Things had changed, though. I was sober and now had a therapist in New York.
With my senses pricking to my surroundings, I started to run past live oaks and thickets of palms and ferns in the gardens of mansions bordering the park. Suddenly, I heard raucous screaming overhead. Cawing green-bodied birds with gray chest feathers darted in and out of the crowns of the sixty-foot tall Texas Palmettos. I'd read about the Quaker parrots or Monk parakeets. Pet store escapees, they'd thrived in the park for years, breeding like erotic maniacs amidst the oaks.
But growing up in the house on Chestnut Street obliterated everything. I attended Loyola University across the street and regularly jogged on the park's grounds. Back then, I never noticed the delightful, flying birds, nor would I have seen the wild African violets massing up the latticework of the garçonnière at the B&B. Flora and fauna of the green and feathered variety hadn't been on my radar. I peered through the windows of the manses as I jogged past them. Some had empty rooms, and I remembered Hurricane Katrina. After years of cramming myself with food, alcohol, and men, I'd damaged myself as much as Katrina damaged NOLA.
I was almost at St. Charles Avenue when I spied an enormous ebony man, a NOLA grotesquerie seated on a stone bench, rocking himself from side to side.
"Hey! You look like the Peach Lady," he yelled as I approached.
Like an apparition, he reminded me of the enormous prostitutes from Decatur Street. When I was ten years old, a hulking, white prostitute named Jackie drunkenly cornered me in the alcove of The Acropolis. "Hey, little girl," she said, her face very close to mine, "You're pretty." Her breath and smell rendered me mute, incapable of calling to my mother who was inside talking to the bar owner.
Too déjà vu, I thought and sped past him and headed toward a sno-ball vendor pulling up to the curb ahead. Strawberry, lemon, lime, raspberry, and peach were a few of the many offerings. I ordered a raspberry-flavored sno-ball, something I hadn't tasted in years.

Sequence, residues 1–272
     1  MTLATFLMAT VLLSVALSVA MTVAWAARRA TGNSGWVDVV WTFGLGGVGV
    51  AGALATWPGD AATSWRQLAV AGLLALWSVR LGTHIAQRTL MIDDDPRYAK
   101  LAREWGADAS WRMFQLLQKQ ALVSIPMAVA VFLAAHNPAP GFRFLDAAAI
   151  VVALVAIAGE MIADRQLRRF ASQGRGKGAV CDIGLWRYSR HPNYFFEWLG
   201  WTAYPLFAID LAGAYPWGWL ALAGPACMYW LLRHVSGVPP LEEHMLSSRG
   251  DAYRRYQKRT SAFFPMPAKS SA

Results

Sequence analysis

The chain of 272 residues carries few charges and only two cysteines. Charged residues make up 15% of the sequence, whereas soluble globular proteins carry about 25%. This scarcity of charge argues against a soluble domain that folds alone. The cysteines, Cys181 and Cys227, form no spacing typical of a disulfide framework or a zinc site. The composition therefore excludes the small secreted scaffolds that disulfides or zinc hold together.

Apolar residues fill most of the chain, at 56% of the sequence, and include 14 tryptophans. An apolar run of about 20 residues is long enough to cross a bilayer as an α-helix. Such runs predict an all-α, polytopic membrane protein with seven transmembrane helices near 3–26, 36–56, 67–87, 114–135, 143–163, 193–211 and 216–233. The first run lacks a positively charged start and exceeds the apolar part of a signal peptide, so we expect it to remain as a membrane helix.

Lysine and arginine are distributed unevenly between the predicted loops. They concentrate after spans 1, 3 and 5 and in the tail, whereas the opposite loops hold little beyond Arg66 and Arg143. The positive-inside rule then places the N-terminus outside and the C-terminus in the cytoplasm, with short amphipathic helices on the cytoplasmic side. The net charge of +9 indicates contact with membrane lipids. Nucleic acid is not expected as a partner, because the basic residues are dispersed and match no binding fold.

Suddenly, I remember being on Second Street around the corner from my house with my four best childhood buddies, and we are ordering sno-balls from a street vendor on a hot August day. Tripping further back in my memory, I am in the side yard at home. Mama is sitting in the iron butterfly chair with a Don Q and her Lark 100s. Godfrey is there too, seated crossed-legged in Uncle Walter's chair made of plumbing pipes, his fingers frenetic as he finger paints on a canvas. Mamoo stands on the paving stones in-between the rows of aspidistra, or "cast iron" plants, on either side of the walk, a red sweater draped inside out across her shoulders. She asks if I've seen Gray Pea, one of our many rescued cats. The sweetness and the memory are bracing.
In the quad at Loyola—my alma mater, which I almost failed out of—I looked over at the statue of Jesus; known as "Touchdown Jesus," arms uplifted, imploring the lost to ascend. Then, I glanced back at the ebony man, still rocking on his bench. He hailed another jogger.
"Hey," he hollered to a pink-shirted matron. "You look like the Peach Lady."
I drained the last of the sugary ice and dumped the cup in the garbage can near the curb. My foot hit the trail. A caw sounded overhead and a splash of gray and green feathers flew by. I thought of my husband and kids—our son, Isaac, "laughter" in Hebrew, named after his great-grandfather; and our daughter, Eleni, Greek for "light," named after my husband's deceased mother. They were most likely now awake, no doubt, and wondering what had happened to me.
I picked up my pace and followed the parrot that was flying toward Magazine Street where I'd left my car.
Title image provided courtesy of Lucinda Kempe.